Like most Southerners growing up, my father taught my sister and me how to shoot a rifle. Actually, he tried to teach us how to shoot.
When visiting my grandmother’s farm, we would walk over to the barn. Daddy would give us his school-teacher lecture about safety, show us how to load mother’s rifle, aim and fire. The object was to hit some portion of the barn. Mother hadn’t hunted since we were born, and we quickly discovered a nerve-racking wait between pulling the trigger and the bullet coming out. We switched to daddy’s rifle and came away with hurting shoulders. We never did hit the barn.
Everybody in Dayton, Tennessee, knew my school teacher grandmother. They knew her farm had good hunting and fishing, and after politely asking her permission, they would later bring her a portion of whatever they’d caught. Granny always had fish, rabbit, geese or the occasional unfortunate squirrel. Guns for sport and food are often beneficial for some overpopulated species.
But there is another side – much scarier.
Recently, while returning from a hike, I was almost home when the car in front of me abruptly stopped. After slamming on my brakes, my car sounded like I had a flat. Limping into a nearby grocery store parking lot, I called Dan. Turned out one of my tires was trying to wobble its way off my car. After a temporary fix, we decided to drive home with Dan following behind me. Exiting the parking lot, we paused for the traffic light. When the light turned green, and I crossed the highway, Dan wasn’t behind me. When he finally got home, Dan explained what happened.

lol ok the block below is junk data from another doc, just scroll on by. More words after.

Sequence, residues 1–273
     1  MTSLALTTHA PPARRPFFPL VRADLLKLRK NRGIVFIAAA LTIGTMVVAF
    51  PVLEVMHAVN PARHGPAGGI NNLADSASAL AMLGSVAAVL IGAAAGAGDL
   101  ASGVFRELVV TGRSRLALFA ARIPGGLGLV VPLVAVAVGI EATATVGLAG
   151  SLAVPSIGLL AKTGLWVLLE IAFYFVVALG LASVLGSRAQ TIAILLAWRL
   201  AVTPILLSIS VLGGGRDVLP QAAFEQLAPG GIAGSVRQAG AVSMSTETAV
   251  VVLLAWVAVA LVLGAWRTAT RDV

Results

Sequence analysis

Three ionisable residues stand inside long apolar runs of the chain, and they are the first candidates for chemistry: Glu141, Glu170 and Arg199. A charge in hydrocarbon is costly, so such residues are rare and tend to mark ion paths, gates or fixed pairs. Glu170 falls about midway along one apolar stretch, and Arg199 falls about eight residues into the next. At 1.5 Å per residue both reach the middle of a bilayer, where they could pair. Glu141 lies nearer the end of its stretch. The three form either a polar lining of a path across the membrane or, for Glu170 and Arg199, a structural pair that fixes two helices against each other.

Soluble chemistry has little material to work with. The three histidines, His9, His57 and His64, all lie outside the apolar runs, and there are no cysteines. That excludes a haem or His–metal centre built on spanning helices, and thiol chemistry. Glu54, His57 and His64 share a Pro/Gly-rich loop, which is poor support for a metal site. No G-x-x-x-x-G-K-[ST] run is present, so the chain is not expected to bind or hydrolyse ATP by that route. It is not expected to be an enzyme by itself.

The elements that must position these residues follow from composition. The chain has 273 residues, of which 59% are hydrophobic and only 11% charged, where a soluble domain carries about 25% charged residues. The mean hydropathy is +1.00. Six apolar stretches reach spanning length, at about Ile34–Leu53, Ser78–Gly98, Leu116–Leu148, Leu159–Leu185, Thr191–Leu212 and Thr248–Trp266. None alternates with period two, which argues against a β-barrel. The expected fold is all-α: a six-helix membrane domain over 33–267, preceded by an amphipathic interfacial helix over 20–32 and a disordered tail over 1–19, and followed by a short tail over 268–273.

When Dan pulled behind me at the stoplight, another driver became furious, convinced Dan had intentionally pulled in front of him. The driver screamed obscenities, and made rude, threatening gestures with his hands.
When the light changed, the man swerved in front of Dan, screeched across the highway, got out of his car, and began banging his fists on his car’s roof. He signaled to Dan to come over, turning his hand into a gun and firing multiple imaginary rounds.
Dan stayed put, called 911 and gave them the driver’s license plate number. When the man realized that Dan wasn’t going to engage, he drove away and Dan took another way home.
Road rage, misplaced anger, that overused word, marginalization, are all mental health issues that might be lurking in the mind of a complete stranger. It’s enough to give one pause. You never know what you are dealing with, but I can definitely say those folks are out there. We’ve experienced one.
As they used to say in the old TV show Hill Street Blues, “Be careful out there, folks.”
Cindy Arp, teacher/librarian, retired from Knox County Schools. She and husband Dan live in Heiskell.